I grew up in a frugal household. After witnessing Houston’s boom and bust in the 70’s, my parents were classic penny pinchers—they clipped coupons, insisted I bring my lunch to school, chose the library over a bookstore for fresh books, flew Southwest Airlines, championed the benefits of a free education and encouraged me to earn and save my own money. And no fancy restaurants for my family—instead you’d find us every Wednesday walking the line at Luby’s. Why? Because on Wednesdays, kids could eat for free.
While Luby’s was never cool, I actually enjoyed my weekly meal there. The possibilities were endless, a 30-foot long buffet of whatever you wanted. You’d start with the Jello, lettuce and fruit salads, then slide your tray along the rails to the meats (where there was always a whole nicely browned turkey and juicy hunk of prime rib just waiting for carving), then the vegetables (yes, macaroni and cheese is a vegetable), the breads (clover rolls, cornbread and Texas toast), the desserts (cream pies, cobblers and more Jello) and the drinks (Coke, milk and iced tea). I’m stuck in my ways, so I always ordered the same thing, a Lu Ann Platter with fried fish, mashed potatoes, green beans and a roll. When I became a rebellious teenager, however, I switched from fish to liver and onions and added fruit salad and corn bread to my meal. But it didn’t matter what I ordered, it was always lip-smacking good.
Luby’s recently celebrated its 60th anniversary and there are a couple of new books to hallmark the occasion. First there’s Luby’s Recipes and Memories Cookbook, which has all of its recipes, from lime congeal to the very popular fried fish. There’s also a new book from the University of Texas Press called House of Plenty: The Rise, Fall, and Revival of Luby’s Cafeterias. This fascinating look at Luby’s is one-part business primer, one-part Texana, one-part food history with a little bit of true crime to keep it spicy. It’s scintillating reading even if you’ve never been to a cafeteria. Not only do you learn how to treat your staff, you’re also made privy to Luby’s recipes (reprinted as they were originally typed) and discover why Texas allows concealed weapons.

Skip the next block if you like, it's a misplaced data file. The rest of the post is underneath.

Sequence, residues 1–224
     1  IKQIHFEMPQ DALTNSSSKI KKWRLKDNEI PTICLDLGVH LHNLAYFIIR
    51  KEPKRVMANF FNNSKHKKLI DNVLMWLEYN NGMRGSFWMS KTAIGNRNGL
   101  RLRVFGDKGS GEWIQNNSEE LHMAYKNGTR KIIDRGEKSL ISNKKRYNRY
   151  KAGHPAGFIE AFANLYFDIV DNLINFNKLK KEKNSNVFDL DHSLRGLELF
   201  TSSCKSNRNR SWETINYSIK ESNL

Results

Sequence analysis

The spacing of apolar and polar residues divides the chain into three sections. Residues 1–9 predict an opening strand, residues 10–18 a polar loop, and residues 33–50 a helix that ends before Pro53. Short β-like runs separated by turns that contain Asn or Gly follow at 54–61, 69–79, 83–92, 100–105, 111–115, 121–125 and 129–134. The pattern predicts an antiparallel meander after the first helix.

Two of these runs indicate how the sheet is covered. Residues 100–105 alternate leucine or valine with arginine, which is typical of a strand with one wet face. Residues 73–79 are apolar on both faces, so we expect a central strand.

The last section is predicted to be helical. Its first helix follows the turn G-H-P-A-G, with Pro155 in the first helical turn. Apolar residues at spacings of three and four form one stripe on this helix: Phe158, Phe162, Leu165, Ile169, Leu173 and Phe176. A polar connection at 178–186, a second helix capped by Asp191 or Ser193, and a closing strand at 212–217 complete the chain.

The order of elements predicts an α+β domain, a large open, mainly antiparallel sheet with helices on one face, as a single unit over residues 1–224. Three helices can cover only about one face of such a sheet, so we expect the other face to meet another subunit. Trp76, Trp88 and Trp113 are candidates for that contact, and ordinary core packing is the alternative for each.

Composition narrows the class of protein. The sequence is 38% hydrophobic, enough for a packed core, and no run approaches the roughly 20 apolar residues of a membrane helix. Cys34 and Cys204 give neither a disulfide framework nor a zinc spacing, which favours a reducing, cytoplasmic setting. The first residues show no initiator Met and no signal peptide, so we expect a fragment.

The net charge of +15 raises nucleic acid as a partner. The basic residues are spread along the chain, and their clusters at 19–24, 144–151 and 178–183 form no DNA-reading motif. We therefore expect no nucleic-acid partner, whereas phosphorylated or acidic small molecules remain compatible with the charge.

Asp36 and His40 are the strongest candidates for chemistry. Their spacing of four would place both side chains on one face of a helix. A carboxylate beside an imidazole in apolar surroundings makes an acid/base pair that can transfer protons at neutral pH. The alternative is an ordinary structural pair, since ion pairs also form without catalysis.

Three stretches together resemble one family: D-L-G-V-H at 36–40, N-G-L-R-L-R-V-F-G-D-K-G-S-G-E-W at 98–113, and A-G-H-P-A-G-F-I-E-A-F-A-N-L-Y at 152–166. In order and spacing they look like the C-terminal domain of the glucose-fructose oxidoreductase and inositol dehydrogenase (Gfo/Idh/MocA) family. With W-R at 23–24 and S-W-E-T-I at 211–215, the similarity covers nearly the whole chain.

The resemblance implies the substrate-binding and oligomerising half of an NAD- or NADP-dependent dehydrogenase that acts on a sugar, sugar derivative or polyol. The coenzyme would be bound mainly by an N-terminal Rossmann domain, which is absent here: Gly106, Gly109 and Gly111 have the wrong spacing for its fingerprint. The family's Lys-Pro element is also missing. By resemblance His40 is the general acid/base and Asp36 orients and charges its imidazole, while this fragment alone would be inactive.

Of course, all this reading doesn’t beat the real deal—making a trip to the local Luby’s—but it satisfied my yearning just enough until the next trip home.
I leave you with Luby’s recipe for liver and onions, my old badge of youthful insurgency. You may be asking, “Why not the fried fish? Everyone loves those perfect rectangles of crunchy, moist, flaky fish!” to which I reply: when was the last time you saw a recipe for fried liver on a blog?
What are your favorite dishes at Luby’s? Do you have any Luby’s memories to share?
Luby’s liver and onions
- 2 1/4 pounds beef liver, sliced 1/4 inch thick
- Kosher salt
- 2 tablespoons butter or margarine
- 1 medium yellow onion, sliced 1/4 inch slices
- 1/2 teaspoon seasoning salt
- 1 cup milk
- 2 large eggs
- 3 cups fine dry breadcrumbs
- 2 tablespoons vegetable oil
- Season the liver with salt and place in a mixing bowl. Cover with water and let it soak for 15 to 20 minutes.
In 10-inch skillet, melt butter over medium heat. Add onion and cook, stirring occasionally, until tender and lightly browned. Season with salt.
- In a shallow bowl, whisk together milk and eggs until well blended. Place the bread crumbs in separate shallow bowl.
Rinse the liver under cool running water and pat dry with paper towels. Dip into milk mixture, then into bread crumbs, coating evenly.
Heat oil in large skillet over medium heat.
Add liver and cook 2 to 3 minutes on each side or until cooked through. Top with onions.